We think of accumulating power as a good thing in life. After all, it's what allows you to move up in your career, doing more interesting and meaningful work — and get paid better. But even if you're not gunning for the top, feeling powerful can have its drawbacks, and much like power itself, they're unevenly distributed.
Researchers from the University of Florida have just published a study on the personal downsides of reaching powerful positions, notably literal physical and emotional pain. The researchers wanted to know what people who stress out so much really get from power, when power creates so much anxiety and exhaustion for overburdened leaders.
The answer comes down to an odd source: neuroticism, or an extra sensitivity to stress and worry. "Neuroticism is generally associated with negative outcomes like stress, job dissatisfaction, and a focus on failures and frustrations," the study authors write. "However, our results demonstrate that neuroticism can strengthen the indirect effect of power on goal progress and meaningfulness, highlighting that neuroticism can also have positive implications for powerful employees at work."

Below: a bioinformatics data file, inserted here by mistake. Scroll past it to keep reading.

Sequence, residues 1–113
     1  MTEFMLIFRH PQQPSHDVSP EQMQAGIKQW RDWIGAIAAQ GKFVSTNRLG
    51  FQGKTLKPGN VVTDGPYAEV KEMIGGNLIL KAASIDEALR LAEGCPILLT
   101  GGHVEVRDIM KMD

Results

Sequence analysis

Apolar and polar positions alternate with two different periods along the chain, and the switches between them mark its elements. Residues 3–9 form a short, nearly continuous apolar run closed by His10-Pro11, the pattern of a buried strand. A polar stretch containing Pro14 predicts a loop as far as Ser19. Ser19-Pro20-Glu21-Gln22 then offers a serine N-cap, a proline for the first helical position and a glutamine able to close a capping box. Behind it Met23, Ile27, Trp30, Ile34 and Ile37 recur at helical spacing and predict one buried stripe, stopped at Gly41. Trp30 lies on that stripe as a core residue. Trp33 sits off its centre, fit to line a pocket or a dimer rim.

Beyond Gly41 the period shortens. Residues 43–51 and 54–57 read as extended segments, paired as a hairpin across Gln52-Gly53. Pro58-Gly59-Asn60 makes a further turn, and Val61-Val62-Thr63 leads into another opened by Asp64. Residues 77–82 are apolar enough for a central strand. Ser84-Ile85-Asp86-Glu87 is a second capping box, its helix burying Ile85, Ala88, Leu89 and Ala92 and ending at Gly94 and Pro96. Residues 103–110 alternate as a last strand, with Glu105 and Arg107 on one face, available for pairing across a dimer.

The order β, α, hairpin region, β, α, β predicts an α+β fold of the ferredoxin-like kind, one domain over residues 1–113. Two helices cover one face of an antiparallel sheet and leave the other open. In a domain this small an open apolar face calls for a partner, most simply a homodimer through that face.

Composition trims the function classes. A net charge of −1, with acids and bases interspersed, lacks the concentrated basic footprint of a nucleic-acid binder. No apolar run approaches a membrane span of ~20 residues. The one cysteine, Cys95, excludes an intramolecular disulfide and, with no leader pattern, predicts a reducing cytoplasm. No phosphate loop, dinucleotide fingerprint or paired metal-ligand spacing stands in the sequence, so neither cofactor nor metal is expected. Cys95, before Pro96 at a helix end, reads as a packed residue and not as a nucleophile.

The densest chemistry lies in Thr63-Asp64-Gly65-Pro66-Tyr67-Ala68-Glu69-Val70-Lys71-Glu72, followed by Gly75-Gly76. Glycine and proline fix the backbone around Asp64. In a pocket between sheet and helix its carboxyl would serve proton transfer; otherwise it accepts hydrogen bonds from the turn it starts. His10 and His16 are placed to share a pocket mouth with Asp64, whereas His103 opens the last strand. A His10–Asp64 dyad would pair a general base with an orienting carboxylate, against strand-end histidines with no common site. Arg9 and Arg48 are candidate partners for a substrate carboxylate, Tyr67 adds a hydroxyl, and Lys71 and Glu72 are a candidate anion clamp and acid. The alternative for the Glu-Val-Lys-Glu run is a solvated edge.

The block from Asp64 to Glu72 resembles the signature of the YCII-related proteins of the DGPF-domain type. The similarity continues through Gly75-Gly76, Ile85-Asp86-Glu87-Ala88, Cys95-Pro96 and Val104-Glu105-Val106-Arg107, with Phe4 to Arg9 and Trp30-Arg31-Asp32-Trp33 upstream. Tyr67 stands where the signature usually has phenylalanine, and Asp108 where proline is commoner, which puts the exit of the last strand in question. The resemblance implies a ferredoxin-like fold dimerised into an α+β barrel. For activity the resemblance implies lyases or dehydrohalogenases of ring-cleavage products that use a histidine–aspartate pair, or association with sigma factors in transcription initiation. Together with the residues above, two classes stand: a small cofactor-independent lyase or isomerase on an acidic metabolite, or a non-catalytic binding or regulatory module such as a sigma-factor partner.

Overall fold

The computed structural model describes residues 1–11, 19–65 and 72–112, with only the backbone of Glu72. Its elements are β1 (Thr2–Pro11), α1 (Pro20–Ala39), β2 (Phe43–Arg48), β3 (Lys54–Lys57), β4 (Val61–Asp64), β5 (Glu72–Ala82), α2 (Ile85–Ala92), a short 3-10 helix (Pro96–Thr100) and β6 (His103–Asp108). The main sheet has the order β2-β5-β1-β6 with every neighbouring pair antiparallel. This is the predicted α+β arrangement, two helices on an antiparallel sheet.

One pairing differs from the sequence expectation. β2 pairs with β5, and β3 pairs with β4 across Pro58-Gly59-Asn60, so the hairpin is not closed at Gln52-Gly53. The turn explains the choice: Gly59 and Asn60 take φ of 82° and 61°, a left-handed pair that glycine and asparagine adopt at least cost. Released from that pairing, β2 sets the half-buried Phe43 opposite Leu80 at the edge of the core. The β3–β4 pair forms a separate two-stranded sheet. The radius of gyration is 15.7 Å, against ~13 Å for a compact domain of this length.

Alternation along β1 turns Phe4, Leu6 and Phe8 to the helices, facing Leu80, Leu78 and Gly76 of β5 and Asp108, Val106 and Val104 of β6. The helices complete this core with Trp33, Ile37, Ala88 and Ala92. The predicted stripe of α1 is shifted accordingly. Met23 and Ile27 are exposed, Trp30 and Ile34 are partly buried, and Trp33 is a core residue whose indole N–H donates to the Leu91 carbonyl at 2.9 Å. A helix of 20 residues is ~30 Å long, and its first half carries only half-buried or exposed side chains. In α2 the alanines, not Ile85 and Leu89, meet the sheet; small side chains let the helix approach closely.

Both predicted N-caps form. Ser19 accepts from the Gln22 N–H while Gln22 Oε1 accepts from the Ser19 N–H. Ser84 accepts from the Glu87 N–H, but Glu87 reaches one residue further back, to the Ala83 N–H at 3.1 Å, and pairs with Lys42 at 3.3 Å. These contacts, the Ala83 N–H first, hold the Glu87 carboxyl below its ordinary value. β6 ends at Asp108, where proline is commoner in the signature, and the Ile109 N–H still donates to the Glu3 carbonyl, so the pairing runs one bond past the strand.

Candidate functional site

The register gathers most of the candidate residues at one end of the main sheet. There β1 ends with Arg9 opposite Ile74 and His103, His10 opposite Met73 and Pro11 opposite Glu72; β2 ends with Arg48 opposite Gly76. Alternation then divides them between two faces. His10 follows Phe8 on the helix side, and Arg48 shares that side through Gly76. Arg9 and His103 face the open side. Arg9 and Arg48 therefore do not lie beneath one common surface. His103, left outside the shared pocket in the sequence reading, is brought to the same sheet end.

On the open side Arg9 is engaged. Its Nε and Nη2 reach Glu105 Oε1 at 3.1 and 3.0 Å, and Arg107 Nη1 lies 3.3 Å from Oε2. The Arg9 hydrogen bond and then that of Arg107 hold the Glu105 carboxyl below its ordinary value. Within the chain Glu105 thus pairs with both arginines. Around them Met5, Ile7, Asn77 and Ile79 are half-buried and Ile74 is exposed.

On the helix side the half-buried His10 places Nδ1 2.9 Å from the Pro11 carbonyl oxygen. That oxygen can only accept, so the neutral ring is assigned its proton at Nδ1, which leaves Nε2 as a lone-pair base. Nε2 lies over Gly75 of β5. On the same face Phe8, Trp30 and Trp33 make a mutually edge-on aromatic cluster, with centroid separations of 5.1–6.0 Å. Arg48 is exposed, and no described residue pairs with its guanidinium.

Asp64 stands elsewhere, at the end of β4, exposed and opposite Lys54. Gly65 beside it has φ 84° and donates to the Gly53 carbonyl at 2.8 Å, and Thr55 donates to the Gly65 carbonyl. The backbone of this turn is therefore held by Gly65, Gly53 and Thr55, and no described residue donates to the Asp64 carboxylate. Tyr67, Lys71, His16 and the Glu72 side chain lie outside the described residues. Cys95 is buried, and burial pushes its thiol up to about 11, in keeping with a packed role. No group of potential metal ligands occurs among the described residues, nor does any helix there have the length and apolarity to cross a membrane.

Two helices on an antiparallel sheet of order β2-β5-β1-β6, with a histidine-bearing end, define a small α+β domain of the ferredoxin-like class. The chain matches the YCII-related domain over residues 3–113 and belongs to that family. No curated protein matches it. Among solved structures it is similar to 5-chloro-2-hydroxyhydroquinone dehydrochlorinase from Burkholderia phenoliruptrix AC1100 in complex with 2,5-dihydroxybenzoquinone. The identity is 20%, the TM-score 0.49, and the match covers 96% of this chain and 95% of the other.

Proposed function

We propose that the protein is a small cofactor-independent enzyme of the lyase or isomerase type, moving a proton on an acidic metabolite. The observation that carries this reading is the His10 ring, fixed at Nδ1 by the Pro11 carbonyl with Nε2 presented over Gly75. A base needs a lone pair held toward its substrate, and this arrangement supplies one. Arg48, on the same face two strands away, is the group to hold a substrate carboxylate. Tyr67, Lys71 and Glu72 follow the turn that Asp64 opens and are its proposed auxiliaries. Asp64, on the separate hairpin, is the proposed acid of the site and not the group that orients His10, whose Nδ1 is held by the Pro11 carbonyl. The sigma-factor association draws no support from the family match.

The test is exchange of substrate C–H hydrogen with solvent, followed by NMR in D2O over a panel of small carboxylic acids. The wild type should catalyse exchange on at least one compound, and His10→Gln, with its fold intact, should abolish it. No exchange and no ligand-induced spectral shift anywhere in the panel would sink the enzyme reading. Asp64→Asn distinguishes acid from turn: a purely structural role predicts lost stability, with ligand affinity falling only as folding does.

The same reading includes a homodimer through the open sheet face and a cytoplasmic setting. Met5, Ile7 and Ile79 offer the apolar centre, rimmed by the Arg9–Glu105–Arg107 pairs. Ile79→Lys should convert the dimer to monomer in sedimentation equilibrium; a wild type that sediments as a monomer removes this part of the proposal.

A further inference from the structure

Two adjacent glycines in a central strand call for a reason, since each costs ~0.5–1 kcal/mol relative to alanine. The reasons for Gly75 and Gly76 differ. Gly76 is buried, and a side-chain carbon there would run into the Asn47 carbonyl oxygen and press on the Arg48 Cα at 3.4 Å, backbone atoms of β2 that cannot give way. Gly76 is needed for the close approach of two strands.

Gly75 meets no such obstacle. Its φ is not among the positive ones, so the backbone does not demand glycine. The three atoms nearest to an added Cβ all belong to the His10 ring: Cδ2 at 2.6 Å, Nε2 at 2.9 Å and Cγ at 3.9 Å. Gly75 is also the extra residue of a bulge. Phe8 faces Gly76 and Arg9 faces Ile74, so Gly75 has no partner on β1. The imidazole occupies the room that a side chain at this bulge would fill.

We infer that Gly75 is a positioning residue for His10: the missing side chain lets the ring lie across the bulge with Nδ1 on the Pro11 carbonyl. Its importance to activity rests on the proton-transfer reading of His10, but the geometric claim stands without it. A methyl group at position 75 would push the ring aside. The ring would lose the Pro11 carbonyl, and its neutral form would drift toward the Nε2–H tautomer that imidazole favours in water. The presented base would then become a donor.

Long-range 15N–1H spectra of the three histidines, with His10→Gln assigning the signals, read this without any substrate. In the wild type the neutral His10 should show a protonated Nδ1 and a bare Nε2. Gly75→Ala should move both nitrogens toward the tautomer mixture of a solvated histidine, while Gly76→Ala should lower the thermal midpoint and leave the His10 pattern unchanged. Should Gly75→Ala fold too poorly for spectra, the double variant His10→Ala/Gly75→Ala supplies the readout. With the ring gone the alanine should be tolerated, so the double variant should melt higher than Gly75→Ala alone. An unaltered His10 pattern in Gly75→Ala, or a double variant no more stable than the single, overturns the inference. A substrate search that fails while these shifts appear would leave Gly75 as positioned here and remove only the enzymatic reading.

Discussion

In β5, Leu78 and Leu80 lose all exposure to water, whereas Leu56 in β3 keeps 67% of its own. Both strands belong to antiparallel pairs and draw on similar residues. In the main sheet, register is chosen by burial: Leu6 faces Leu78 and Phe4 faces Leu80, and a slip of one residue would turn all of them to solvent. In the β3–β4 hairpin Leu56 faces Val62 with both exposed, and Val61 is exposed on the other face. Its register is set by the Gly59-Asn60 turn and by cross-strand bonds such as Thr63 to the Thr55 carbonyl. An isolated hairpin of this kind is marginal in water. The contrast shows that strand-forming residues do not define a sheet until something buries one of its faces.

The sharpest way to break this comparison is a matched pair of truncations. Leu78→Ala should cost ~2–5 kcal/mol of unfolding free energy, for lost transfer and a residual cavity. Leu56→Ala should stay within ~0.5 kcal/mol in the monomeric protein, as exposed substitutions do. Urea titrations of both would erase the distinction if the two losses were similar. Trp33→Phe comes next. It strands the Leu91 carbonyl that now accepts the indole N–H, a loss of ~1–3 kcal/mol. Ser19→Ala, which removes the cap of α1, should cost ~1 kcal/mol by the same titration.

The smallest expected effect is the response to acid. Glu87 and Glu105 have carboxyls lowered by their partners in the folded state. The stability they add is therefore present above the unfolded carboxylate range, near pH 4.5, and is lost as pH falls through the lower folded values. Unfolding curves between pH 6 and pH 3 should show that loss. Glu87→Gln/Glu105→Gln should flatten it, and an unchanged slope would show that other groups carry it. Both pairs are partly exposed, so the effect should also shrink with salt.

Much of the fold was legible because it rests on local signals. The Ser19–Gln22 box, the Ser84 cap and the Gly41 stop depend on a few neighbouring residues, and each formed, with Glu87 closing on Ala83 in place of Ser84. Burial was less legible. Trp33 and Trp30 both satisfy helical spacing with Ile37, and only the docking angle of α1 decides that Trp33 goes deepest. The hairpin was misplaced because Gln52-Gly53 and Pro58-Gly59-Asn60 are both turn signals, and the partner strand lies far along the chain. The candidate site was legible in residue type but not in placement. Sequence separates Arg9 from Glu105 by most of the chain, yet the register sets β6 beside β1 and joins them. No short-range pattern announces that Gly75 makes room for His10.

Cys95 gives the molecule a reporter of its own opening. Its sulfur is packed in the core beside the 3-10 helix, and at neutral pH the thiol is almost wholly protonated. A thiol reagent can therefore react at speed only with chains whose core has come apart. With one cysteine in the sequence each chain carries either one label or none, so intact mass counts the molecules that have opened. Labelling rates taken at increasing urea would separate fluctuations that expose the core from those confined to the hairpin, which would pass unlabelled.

Stress at the workplace looks different for everyone, and a certain amount of anxiety on the job can help sharpen your performance. But burnout has also become enough of an epidemic that it's literally a diagnosable condition now. So, while your neuroticism can make you better at what you do up to a certain point, be sure you're taking care of yourself, especially as you level up at work. A power pose is one thing, but peace of mind is much more.